What we do

The Antarctic Heritage Trust is active in promoting Antarctic public engagement and supports institutions who have a connection to Antarctic heritage through its collections or through education and outreach.

Antarctica is a superb and inspiring teaching vehicle. Its study embraces history, geography, every known branch of science, environmental issues, international politics and cooperation, international law, and the motivation and performance of man himself in a very hostile setting. This interwoven web of knowledge is unique, continues to develop and can be put to good use.

You can read more about Britain's Antarctic heritage in our booklet.

Download our booklet


The Trust has supported more than 10 UK polar institutions with grant aid of £414,000 towards outreach and education projects. Outside the UK, we have assisted the Mawson’s Huts Foundation, the New Zealand Antarctic Heritage Trust and the South Georgia Museum.

The financial resources generated from the successful shop operation at Port Lockroy have also enabled us to develop a strong public engagement programme. We have given financial assistance of £308,000 to purchase key Antarctic artefacts at auction to safeguard them for the public. These often include iconic items from the heroic age of Antarctic exploration, such as Scott’s sledging flag, Shackleton’s boat compass, Macklin’s journal and Cheetham’s manuscript diaries.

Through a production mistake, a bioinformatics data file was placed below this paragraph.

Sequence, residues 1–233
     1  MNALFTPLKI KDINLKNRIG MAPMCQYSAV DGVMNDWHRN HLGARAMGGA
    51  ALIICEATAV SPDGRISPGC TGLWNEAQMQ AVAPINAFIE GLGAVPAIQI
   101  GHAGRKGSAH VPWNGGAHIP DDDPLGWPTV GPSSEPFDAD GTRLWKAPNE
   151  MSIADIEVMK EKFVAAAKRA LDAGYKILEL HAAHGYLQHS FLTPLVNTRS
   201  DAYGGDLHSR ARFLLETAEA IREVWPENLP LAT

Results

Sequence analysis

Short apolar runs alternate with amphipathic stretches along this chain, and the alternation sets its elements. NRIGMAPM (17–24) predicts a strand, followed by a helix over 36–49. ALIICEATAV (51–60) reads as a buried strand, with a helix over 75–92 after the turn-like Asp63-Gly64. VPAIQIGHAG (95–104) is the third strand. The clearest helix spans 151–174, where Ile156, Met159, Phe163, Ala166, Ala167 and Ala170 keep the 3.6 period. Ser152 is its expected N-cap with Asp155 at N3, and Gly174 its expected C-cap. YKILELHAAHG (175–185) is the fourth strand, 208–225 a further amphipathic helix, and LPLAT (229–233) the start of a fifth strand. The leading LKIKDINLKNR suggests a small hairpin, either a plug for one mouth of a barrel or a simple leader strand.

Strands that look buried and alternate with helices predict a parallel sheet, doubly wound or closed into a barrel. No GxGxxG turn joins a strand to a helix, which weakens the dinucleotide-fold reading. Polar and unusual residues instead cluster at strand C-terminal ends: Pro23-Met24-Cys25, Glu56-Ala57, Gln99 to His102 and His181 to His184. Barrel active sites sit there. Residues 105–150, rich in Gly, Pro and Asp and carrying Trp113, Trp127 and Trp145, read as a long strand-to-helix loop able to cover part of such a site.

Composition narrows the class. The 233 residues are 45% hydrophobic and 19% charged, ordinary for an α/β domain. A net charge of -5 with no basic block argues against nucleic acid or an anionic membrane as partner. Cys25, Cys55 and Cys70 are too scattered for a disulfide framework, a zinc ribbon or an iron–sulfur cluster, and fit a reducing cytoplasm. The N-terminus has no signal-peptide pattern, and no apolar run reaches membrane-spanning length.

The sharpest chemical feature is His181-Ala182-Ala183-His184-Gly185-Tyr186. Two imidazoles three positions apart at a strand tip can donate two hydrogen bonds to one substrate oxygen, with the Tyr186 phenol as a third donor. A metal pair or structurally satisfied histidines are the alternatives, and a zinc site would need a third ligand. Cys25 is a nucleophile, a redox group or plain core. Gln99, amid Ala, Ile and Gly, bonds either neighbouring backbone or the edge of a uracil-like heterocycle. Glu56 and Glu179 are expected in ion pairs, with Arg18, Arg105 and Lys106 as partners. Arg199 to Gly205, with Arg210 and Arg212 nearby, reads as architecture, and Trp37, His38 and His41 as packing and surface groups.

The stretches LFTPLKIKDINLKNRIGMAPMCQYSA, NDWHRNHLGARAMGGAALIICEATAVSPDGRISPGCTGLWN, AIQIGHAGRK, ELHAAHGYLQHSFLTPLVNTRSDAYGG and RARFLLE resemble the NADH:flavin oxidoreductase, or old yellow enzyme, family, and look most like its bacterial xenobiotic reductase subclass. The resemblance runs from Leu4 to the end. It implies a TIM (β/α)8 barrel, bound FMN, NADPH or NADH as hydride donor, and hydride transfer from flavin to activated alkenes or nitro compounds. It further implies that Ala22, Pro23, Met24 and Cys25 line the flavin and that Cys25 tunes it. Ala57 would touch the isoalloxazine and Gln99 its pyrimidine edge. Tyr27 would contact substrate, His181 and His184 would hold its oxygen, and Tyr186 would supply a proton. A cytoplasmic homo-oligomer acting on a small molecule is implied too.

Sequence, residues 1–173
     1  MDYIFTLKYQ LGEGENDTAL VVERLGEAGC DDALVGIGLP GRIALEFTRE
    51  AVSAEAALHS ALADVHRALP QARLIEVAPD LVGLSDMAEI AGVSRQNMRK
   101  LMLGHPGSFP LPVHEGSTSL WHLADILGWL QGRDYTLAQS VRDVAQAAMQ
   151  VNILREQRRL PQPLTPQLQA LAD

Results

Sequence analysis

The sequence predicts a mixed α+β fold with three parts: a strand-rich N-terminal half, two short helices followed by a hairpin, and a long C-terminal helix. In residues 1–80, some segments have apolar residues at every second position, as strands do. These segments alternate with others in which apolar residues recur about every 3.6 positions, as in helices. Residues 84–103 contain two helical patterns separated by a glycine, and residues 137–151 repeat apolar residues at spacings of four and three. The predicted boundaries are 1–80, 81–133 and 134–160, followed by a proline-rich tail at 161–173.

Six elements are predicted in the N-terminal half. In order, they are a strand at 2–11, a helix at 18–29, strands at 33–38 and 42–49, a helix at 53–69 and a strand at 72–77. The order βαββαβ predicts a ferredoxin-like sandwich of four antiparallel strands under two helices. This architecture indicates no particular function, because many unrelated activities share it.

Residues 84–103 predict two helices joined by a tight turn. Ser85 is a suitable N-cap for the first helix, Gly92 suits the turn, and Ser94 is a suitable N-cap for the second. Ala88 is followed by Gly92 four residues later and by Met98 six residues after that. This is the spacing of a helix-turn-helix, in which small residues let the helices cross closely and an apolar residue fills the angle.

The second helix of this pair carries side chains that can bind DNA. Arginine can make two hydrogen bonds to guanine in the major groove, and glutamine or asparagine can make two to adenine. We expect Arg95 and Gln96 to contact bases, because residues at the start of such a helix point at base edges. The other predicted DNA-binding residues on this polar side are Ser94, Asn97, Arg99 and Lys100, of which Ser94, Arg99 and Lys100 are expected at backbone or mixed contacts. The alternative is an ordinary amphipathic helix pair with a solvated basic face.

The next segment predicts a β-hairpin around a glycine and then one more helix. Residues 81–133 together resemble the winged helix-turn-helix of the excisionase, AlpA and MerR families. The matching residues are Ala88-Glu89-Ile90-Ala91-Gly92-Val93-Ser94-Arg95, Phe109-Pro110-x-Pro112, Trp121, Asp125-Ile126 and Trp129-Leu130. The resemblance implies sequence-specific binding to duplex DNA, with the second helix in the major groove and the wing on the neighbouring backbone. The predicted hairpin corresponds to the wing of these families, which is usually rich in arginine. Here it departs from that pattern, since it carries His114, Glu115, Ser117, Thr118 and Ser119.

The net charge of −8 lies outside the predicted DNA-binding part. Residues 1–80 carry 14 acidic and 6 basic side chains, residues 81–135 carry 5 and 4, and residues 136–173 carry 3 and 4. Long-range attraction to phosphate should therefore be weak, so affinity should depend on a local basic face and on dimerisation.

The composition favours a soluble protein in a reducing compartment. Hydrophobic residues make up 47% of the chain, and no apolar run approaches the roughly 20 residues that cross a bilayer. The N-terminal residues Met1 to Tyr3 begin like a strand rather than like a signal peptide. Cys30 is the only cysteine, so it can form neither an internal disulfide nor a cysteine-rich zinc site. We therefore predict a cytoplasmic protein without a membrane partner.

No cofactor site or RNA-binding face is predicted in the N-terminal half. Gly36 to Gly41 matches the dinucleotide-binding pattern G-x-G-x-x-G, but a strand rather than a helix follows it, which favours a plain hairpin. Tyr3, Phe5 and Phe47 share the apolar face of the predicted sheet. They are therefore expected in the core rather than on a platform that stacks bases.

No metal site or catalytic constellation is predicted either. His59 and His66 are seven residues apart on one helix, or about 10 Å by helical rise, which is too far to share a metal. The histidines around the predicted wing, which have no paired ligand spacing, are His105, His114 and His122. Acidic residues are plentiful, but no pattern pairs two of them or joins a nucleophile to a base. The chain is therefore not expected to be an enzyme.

The principles for the Trust’s grant giving are enshrined in its mission statement:

The United Kingdom Antarctic Heritage Trust works to conserve Antarctic buildings and artefacts, and to promote and encourage public interest in Antarctic heritage.

Grant applications are reviewed at the Trustees’ Board Meetings. Each application will be considered and its merit will determine whether or the degree of an award made. If you would like to apply for a grant from the Trust please complete the Grant Application form and return it to the Trust (details contained within form).

The Antarctic Treaty

The use of Antarctica, the only continent on Planet Earth not permanently populated by man, is governed by the Antarctic Treaty of 1959. It came into force 23 June 1961 and is one of the most successful international treaties ever to have been negotiated. The Treaty established Antarctica as a military and nuclear free area devoted only to the cause of scientific research. It does not recognize current territorial claims. It has addressed successfully major environmental issues such as minerals exploitation and wildlife protection. The treaty remains relevant. For more information see www.ats.aq